Cervical Cancer Incidence, Mortality, and Survival Among Asian Subgroups in California, 1990-2004

Public Health Institute, California Cancer Registry, Sacramento, California 95825, USA.
Cancer (Impact Factor: 4.9). 11/2008; 113(10 Suppl):2955-63. DOI: 10.1002/cncr.23752
Source: PubMed

ABSTRACT Aggregated cancer statistics for Asians mask important differences in cancer burden among Asian subgroups. The purpose of this study was to describe the relative patterns of cervical cancer incidence, mortality, and survival among Chinese, Filipino, Japanese, Korean, South Asian, and Vietnamese women in California, using data from the California Cancer Registry.
All cervical cancer cases diagnosed among the 6 subgroups and non-Hispanic whites (NHW) from 1990 to 2004 were identified and used to calculate incidence and mortality rates and trends. The Kaplan-Meier method was used to calculate 5- and 10-year survival probabilities by subgroup, and Cox proportional hazards methodology was used to calculate survival differences adjusted for race and ethnicity, age, stage at diagnosis, socioeconomic status, and treatment factors.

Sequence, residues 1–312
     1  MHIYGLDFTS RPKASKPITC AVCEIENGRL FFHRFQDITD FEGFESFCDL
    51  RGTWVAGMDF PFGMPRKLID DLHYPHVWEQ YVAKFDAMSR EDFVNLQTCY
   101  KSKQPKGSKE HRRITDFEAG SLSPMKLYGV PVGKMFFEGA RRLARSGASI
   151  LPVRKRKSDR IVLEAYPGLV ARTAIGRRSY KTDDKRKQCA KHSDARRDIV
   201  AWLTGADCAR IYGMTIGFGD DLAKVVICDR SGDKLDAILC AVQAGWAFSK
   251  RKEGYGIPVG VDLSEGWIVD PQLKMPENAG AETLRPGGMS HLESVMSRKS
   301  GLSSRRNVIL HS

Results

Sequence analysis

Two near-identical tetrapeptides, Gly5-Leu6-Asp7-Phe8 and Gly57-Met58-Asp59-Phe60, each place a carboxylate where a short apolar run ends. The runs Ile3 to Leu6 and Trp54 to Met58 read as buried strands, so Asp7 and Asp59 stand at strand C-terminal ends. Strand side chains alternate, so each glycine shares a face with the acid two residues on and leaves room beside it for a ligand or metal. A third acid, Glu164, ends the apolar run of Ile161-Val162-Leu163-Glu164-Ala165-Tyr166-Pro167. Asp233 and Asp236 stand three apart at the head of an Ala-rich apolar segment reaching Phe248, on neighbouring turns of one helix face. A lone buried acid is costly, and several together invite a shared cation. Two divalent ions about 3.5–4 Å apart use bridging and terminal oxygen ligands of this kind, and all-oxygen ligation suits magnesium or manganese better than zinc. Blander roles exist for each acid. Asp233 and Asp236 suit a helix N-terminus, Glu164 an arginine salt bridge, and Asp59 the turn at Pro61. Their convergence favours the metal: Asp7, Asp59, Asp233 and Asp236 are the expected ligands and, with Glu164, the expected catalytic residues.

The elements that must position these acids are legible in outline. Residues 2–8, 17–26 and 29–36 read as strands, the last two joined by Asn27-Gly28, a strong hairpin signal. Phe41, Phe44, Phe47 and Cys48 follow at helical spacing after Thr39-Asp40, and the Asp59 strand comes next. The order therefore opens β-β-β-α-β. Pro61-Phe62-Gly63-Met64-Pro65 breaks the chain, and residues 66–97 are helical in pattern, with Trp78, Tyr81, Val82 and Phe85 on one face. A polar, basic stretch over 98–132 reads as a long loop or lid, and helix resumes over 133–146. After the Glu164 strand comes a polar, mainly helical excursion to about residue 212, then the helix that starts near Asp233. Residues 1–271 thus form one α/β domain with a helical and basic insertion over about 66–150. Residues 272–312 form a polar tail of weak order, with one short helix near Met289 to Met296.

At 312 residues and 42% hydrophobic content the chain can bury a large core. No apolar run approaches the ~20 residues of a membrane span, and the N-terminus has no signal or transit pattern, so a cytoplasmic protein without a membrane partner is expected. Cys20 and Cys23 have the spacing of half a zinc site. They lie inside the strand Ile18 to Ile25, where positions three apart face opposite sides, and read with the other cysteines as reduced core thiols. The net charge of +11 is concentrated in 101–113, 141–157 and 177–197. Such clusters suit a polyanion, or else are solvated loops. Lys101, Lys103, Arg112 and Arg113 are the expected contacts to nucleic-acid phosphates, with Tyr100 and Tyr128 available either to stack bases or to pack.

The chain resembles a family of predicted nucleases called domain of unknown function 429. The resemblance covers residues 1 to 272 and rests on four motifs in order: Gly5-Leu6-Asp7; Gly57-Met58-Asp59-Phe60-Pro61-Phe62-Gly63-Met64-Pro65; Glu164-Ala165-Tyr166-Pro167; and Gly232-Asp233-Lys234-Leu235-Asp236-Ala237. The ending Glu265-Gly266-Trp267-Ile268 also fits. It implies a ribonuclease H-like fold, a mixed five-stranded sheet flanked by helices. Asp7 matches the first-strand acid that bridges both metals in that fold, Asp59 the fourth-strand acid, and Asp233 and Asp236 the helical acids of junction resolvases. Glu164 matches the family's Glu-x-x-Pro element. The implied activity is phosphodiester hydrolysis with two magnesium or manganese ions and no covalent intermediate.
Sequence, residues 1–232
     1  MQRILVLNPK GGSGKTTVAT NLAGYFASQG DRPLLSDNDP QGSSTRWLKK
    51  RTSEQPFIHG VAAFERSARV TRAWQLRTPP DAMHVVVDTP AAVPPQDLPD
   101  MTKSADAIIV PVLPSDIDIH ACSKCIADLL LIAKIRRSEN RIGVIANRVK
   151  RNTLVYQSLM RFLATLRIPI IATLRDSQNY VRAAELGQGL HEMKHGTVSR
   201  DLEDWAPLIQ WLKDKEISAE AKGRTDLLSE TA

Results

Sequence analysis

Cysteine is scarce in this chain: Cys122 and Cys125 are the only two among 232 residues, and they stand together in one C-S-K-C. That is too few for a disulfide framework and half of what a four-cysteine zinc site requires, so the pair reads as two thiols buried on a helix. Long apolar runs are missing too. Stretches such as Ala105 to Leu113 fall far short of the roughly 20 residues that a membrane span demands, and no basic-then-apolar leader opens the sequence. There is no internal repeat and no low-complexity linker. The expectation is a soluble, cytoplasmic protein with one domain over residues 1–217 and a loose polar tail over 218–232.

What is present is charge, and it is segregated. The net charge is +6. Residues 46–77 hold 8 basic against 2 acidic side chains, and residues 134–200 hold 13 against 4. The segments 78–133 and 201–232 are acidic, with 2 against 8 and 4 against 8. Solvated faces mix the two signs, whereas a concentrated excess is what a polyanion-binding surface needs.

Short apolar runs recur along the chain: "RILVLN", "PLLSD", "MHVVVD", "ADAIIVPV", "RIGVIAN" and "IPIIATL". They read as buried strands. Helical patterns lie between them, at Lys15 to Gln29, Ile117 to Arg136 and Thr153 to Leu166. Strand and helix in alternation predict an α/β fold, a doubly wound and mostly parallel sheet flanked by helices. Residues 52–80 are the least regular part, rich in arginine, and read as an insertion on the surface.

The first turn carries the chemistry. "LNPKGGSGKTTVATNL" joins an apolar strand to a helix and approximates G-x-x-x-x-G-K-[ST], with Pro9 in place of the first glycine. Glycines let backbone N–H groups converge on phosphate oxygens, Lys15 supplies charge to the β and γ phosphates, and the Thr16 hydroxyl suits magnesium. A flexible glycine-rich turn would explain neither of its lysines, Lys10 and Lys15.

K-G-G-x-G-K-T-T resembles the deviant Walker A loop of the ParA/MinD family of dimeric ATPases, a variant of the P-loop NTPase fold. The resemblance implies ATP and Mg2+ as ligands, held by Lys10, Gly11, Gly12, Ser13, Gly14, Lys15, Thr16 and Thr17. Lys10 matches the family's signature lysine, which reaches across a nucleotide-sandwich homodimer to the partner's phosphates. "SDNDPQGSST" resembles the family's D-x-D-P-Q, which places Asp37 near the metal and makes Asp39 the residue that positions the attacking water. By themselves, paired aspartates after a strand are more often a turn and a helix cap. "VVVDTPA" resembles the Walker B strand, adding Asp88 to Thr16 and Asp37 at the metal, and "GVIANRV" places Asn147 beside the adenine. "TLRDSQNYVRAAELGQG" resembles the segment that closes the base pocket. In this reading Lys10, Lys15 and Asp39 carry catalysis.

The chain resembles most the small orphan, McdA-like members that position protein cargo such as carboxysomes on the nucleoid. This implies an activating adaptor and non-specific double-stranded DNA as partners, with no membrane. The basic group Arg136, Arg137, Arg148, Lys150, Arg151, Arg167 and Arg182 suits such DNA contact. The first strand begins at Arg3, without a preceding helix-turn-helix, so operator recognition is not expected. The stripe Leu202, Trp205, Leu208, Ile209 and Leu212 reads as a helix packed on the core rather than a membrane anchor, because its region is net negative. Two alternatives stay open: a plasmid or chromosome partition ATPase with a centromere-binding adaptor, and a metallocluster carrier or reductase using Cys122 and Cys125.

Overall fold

Vietnamese and Korean women experienced greater cervical cancer incidence and mortality than NHW women, whereas rates among Chinese, Japanese, and South Asians were comparable or lower. Five-year unadjusted survival probabilities were greatest for South Asians (86%) and Koreans (86%), followed by Vietnamese (82%), Chinese (79%), and Filipinos (79%), as compared with NHW (78%) and Japanese (72%). The adjusted risk of cervical cancer death was significantly lower for South Asians, Koreans, Vietnamese, and Filipinos than for NHW women, but not for Chinese and Japanese.
Cervical cancer incidence rates vary substantially across the major Asian subgroups. Despite higher incidence and mortality rates compared with NHW women, Vietnamese, Koreans, and Filipinos have better survival outcomes. Further studies are needed to examine the factors behind these survival differences.

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